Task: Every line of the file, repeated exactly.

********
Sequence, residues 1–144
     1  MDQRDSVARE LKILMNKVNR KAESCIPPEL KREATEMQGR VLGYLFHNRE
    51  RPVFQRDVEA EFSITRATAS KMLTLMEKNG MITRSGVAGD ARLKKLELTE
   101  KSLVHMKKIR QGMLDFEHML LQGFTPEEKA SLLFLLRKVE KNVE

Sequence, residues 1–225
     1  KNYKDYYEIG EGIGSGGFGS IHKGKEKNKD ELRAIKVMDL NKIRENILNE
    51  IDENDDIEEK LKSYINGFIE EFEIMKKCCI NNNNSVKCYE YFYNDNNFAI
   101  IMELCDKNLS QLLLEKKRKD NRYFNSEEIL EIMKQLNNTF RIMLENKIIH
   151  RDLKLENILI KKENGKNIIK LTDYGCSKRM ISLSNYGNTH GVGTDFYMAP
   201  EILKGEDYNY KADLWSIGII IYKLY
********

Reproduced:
Sequence, residues 1–144
     1  MDQRDSVARE LKILMNKVNR KAESCIPPEL KREATEMQGR VLGYLFHNRE
    51  RPVFQRDVEA EFSITRATAS KMLTLMEKNG MITRSGVAGD ARLKKLELTE
   101  KSLVHMKKIR QGMLDFEHML LQGFTPEEKA SLLFLLRKVE KNVE

Sequence, residues 1–225
     1  KNYKDYYEIG EGIGSGGFGS IHKGKEKNKD ELRAIKVMDL NKIRENILNE
    51  IDENDDIEEK LKSYINGFIE EFEIMKKCCI NNNNSVKCYE YFYNDNNFAI
   101  IMELCDKNLS QLLLEKKRKD NRYFNSEEIL EIMKQLNNTF RIMLENKIIH
   151  RDLKLENILI KKENGKNIIK LTDYGCSKRM ISLSNYGNTH GVGTDFYMAP
   201  EILKGEDYNY KADLWSIGII IYKLY